# randomizing an array

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i have a input array, containing 3 million points (x, y, z) but i want to randomize the location of this points in the array. how to quickly( not realtime ) do this without wasting to much memory

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If you're using C++, you can use std::random_shuffle.

I'm using java

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I think you'll still have to use an algorithm that runs through the whole lot, even if you have three million of them. Run through in order and for each one in normal order, swap it with one other randomly selected one.

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but how do i know if the one in random order is not used before

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Quote:
 Original post by gorgorathbut how do i know if the one in random order is not used before

I take it you mean you don't want to re-order an element thats already been re-ordered.

1. This is slower, because you have to make an additional check.
2. It doesn't matter, random means random. I think you would be making your algorithm 'less random' by doing the additional check. At the very least its not an improvement.

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It doesn't matter - it is still a random order. How do you know when you shuffle a deck of cards that a card you are shuffling hasn't been shuffled before?

The only alternative I can see would be to create another array of empty spaces then copy each item from the original list into a random space in the new array, first checking the random space selected hasn't been used but then you have potential indefinate postponement.

Perhaps there is some clever maths algorithm for this I don't know about.

[EDIT] Sorry Dabooksha. Just behind you.

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See here for a description of a common and uniformly distributed shuffling algorithm (second paragraph in section). Another link in there goes to here which then links to implementations in both C and Java (you'll have to scroll down a wee bit, or search for "Shuffling an array").

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Collections.shuffle

Collections.shuffle(yourLargeList, new Random());

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So let me get this straight - You DO have to make that extra check to get a perfectly uniform distribution? I dont get it.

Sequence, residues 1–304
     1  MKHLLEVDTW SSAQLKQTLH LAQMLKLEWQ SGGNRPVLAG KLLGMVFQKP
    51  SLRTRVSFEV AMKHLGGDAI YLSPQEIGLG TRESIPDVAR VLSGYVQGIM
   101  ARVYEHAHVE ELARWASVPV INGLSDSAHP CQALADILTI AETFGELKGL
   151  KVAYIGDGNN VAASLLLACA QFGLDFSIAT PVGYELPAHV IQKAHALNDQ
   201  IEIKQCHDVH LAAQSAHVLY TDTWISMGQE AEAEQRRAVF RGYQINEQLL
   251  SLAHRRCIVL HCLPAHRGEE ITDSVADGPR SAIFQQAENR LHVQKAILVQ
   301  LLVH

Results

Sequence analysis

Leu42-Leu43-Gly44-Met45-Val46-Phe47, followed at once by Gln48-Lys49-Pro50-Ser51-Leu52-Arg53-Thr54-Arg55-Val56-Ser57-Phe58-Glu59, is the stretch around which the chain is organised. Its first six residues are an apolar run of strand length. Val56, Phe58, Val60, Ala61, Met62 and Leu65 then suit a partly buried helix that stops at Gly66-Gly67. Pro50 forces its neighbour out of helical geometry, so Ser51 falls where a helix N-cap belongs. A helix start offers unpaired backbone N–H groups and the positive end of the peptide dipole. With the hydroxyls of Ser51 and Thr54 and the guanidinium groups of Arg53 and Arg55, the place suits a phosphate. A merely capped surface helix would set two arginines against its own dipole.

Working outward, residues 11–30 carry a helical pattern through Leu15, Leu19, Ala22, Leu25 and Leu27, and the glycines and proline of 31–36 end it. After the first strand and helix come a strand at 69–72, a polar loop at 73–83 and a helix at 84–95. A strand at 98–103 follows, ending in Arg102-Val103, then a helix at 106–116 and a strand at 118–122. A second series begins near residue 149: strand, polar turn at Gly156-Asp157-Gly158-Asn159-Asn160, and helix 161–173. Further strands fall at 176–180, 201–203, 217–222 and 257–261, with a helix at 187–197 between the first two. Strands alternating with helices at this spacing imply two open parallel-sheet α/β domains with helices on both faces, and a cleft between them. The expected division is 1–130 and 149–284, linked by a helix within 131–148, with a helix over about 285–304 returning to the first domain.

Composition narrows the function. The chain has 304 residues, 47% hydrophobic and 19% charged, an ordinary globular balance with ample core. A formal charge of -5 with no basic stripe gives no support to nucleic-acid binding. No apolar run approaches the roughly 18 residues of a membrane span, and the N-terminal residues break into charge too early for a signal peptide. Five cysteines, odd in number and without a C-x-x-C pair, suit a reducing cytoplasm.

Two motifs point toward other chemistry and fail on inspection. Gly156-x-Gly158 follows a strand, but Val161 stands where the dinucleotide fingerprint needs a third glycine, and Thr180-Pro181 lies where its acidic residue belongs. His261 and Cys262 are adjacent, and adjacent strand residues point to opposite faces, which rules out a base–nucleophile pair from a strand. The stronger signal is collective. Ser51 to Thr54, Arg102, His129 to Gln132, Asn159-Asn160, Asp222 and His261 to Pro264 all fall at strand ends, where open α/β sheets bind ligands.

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Quote:
 Original post by DaBookshahSo let me get this straight - You DO have to make that extra check to get a perfectly uniform distribution? I dont get it.

You pass through the list exactly once, there is nothing extra going on.

That shuffle is as good as you're going to get...you have to pass through each location at least once because to do otherwise would be to guarentee that certain positions won't move. This would eliminate a sizeable chunk of the possible permutations, which you most certainly don't want.

Or you could just use Collections.Shuffle. Hopefully, the good folks at Sun are smart enough to have read the material on random shuffles and have implemented a good one.

CM

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standard reference of mine for the algorithm.

But yeah, just use the standard library. :)

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Quote:
 Original post by Zahlmanstandard reference of mine for the algorithm.But yeah, just use the standard library. :)

I can't stand that site, because there's way too much noise you sift through. While much of the discussions are extremely interesting, as a reference I find it falls pretty short.

However, in this case it does have one extremely useful passage that makes the Knuth shuffle really fall into place:
Quote:
 These solutions only serve to illustrate that if you have a perfect random number generator, you have no need to 'shuffle' anything; simply extract a random element from your list of elements as needed. The original problem was: Shuffle a deck of cards in linear time. "Shuffle" could be more realistically defined in terms of human experience as: Use an imperfect random number generator to create a distribution which approximates true randomness. Try doing that in linear time. -- AndyPierceWith shuffling, you can't get the same item twice. With a perfect random number generator, you can. Unless "perfect" means "each number comes up exactly once" which means "not very random at all." -- DaveHarrisOne could use a random number generator, *if* one can "extract" (remove without replacing) a random element in O(1) time. The problem is that most extraction schemes are more like O(N/2) time, where N is the number of elements. (One can probably improve the deletion time, but one also has to be able to efficiently choose a random element. Optimizing both of these seems hard.) -- anon.Actually, this is the insight of the linear shuffle algorithm. If you don't care about corrupting the order of a list (such as the unshuffled cards), you can extract any given element in O(1) time by swapping it out with the final element in the list and decrementing the list size. [This made it all clear - see below.] I wonder if this additional mixing in the "unshuffled" part of the deck could be utilized somehow to decrease the shuffling time to faster than linear? -- AndyPierce

I've always understood what the algorithm does, but now I understand why the algorithm does.

CM

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